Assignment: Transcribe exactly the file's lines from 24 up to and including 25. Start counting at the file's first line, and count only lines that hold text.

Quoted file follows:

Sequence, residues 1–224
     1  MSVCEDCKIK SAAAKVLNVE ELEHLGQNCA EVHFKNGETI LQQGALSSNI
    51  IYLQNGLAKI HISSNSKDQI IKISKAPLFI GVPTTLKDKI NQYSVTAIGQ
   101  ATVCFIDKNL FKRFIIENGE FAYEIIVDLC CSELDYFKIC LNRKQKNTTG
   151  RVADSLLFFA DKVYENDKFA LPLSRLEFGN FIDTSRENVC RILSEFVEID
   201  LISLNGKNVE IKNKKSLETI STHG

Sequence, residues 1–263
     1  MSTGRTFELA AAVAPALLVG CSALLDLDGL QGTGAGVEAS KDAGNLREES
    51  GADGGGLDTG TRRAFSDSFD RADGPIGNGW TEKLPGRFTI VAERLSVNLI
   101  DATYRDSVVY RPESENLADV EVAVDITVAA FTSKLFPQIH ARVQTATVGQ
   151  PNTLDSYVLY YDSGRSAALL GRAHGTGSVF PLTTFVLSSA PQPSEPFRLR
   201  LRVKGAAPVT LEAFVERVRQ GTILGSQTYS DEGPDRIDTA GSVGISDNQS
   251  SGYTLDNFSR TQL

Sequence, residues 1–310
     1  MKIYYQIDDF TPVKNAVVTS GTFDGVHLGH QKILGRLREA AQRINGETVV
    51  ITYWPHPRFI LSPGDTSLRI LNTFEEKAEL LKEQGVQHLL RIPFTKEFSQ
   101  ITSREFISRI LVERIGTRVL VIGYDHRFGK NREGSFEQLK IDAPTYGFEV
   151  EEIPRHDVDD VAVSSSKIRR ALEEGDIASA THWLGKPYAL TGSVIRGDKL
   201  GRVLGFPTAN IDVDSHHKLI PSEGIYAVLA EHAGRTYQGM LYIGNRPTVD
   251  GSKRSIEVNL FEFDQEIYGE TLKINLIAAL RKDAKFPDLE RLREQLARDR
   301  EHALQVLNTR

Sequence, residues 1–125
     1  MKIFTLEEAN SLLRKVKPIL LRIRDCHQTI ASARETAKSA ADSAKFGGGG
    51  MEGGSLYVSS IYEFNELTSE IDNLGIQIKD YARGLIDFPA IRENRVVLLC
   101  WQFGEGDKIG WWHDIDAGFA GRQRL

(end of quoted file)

    51  MEGGSLYVSS IYEFNELTSE IDNLGIQIKD YARGLIDFPA IRENRVVLLC
   101  WQFGEGDKIG WWHDIDAGFA GRQRL